About fonts > TrueType
TrueType Hinting (5 of 5):
Hinting vs. Other Methods
TrueType affords the designer or engineer more flexibility and control over the
final bitmap appearance than any other font format in use today. Through
the use of the extensive range of commands in the TrueType instruction set, the
designer is able to move any point on a glyph's outline as little or as much as
necessary to turn on or off any pixel on the bitmap grid. This provides as much
control as a simple bitmap editor. Commands can be used not only to improve
legibility of fonts at small sizes, but also to fundamentally alter the
appearance of any bitmap at any size - enabling the production, for example, of
a font where different sizes will produce a different shape. Because TrueType is
a programming language (at the assembly level), the format offers font designers
and engineers an amazing degree of versatility. The sizes affected by the
hinting commands can also be determined by setting low and high size thresholds,
A practical example of this flexibility was demonstrated recently in a Microsoft
font designed specifically for display on television under the NTSC signal.
During preliminary work it became clear that at small sizes it would be
impossible to render certain character features satisfactorily - such as the
diagonal bar of the uppercase N. The designer, conscious of making every glyph
as individual as possible, established a threshold below which he programmed
certain characters to change shape. Illustrated below are the outlines and
resulting bitmaps from 21 and 22 ppem.
Figure 9. The outlines and resulting bitmaps at sizes of 21 ppem and 22 ppem. Despite the differences in shape, these bitmaps are produced by the same font. By adjusting the outline sufficiently, the designer has managed to ensure that each bitmap remains individual and identifiable.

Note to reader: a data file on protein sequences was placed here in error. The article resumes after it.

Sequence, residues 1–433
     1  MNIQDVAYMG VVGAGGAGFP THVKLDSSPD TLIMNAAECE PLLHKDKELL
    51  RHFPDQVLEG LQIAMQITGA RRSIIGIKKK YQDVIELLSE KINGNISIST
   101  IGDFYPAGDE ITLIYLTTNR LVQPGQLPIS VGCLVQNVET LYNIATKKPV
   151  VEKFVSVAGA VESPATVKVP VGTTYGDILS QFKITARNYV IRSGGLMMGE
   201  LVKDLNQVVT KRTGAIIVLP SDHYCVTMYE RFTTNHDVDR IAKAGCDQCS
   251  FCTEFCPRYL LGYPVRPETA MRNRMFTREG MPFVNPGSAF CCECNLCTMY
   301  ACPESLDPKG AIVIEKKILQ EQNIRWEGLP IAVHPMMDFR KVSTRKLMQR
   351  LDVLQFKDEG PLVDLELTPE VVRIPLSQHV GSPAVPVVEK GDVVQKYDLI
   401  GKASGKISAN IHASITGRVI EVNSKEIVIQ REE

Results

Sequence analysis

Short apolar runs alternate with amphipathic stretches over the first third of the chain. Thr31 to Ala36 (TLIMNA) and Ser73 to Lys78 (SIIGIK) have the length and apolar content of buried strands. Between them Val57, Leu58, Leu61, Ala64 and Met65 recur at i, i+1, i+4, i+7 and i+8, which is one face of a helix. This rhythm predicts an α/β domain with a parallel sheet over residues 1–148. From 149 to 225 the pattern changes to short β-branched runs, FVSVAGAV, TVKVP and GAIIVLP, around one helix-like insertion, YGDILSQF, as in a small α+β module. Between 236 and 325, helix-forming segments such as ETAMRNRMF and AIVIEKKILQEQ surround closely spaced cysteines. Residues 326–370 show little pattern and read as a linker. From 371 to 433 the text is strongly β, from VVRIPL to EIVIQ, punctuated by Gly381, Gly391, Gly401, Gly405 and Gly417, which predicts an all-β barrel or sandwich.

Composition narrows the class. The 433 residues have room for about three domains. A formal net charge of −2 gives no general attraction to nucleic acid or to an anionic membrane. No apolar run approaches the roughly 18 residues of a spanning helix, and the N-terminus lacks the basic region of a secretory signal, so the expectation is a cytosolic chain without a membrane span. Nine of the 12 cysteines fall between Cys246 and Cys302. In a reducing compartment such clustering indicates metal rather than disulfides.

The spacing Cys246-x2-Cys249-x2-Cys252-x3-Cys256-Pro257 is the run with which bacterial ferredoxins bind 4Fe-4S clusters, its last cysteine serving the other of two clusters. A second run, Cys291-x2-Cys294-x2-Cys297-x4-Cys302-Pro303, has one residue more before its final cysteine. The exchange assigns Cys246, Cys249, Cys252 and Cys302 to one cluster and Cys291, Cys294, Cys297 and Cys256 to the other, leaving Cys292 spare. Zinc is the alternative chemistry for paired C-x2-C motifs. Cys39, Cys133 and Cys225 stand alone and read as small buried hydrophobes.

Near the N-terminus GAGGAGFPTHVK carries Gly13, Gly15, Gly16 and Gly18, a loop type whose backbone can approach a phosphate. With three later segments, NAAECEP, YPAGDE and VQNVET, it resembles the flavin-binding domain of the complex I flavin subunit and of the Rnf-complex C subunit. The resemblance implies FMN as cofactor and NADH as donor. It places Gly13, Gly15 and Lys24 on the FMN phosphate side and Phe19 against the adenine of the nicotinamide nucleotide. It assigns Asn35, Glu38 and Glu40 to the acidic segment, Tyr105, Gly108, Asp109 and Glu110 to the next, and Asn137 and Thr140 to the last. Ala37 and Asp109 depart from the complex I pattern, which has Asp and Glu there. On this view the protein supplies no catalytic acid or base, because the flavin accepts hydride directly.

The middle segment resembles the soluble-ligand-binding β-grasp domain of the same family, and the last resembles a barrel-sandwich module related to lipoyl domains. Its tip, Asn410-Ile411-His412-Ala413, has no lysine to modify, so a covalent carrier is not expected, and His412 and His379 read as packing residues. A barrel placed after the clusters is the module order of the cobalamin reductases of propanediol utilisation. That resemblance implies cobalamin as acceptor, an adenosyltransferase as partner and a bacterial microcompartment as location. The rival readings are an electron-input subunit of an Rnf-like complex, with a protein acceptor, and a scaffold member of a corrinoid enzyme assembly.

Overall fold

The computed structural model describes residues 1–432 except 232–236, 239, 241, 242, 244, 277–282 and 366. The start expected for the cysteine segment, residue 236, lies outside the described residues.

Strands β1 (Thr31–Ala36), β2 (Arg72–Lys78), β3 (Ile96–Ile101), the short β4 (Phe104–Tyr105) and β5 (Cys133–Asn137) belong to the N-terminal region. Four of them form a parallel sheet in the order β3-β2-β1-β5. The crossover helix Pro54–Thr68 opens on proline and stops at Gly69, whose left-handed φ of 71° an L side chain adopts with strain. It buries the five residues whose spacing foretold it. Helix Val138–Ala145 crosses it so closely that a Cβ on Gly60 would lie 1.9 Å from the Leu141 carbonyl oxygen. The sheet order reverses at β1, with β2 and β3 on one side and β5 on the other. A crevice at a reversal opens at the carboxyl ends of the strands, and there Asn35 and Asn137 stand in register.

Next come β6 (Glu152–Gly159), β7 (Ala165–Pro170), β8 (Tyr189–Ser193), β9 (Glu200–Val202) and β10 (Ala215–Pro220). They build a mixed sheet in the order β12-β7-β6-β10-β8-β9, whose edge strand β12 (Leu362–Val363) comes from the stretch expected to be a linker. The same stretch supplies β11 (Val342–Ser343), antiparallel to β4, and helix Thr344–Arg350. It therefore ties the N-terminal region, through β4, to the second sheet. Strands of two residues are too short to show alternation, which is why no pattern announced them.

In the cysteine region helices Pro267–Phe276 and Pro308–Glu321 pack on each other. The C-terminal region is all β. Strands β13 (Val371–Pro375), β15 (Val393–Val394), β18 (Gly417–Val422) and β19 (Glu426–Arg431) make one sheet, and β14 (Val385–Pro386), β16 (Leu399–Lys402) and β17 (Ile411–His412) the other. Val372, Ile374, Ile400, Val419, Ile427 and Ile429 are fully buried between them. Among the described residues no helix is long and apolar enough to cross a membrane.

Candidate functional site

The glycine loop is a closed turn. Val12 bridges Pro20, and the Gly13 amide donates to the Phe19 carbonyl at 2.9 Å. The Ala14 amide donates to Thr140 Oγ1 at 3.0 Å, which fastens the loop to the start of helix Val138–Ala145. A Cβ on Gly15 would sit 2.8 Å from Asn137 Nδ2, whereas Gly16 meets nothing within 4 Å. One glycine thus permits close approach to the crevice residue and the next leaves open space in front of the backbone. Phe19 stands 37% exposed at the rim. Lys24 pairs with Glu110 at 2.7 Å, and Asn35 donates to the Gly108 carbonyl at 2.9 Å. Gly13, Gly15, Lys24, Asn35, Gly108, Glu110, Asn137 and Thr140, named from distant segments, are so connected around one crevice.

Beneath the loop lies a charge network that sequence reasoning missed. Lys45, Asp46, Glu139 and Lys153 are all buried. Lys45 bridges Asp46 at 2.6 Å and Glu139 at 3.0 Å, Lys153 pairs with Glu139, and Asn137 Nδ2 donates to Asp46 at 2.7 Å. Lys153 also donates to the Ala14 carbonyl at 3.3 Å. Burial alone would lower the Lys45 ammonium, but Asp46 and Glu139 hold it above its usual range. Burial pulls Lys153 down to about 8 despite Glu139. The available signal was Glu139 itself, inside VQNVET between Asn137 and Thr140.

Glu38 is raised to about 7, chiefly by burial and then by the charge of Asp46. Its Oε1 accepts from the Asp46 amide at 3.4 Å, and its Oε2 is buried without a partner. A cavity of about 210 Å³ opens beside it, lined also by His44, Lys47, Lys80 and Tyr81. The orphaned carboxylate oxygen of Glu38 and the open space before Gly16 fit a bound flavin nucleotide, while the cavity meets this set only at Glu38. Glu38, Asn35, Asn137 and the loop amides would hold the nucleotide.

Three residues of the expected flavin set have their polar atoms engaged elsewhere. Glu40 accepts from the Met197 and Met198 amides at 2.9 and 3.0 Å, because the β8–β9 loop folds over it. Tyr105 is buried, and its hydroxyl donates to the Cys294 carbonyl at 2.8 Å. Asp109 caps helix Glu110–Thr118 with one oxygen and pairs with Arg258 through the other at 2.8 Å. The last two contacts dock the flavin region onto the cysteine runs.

Since TrueType enables the designer or programmer to alter a letterform at every
single size, it follows that optical scaling can be built into the TrueType
font, allowing the subtle adjustment of characters at different sizes to ensure
their correct appearance.
The designing of bitmap letterforms has always involved a degree of optical
scaling, with each and every size having to be rasterized - and often designed -
separately. Unfortunately, these modifications have always involved, even been
determined by, an element of compromise; this pixel or that pixel?
In a TrueType font, the ability to create optically correct letterforms is
extended up to very large sizes (up to 2048 ppem) and by the capabilities of
TrueType Open, a new extension to the TrueType specification (EDITOR: This eventually
evolved into the OpenType initiative).
Non-linear scaling is often (understandably) confused with optical scaling.
Whereas the concept of optical scaling involves altering the shapes of
characters in order to ensure a correct appearance at particular sizes,
non-linear scaling in TrueType simply enables the widening or narrowing of the
widths of a glyph and its side-bearings at sizes where, were the widths to scale
in a linear fashion (for example, increasing in a regular pattern from small to
large sizes) we might encounter spacing or weight problems. In a situation
where, for example, the lowercase 'i' would normally scale to occupy an advance
width of four pixels, we might elect to force it to fit within three pixels,
placing one pixel of white space on either side of a one pixel black stem. In
such cases, we are clearly forcing the font to scale in a non-linear fashion.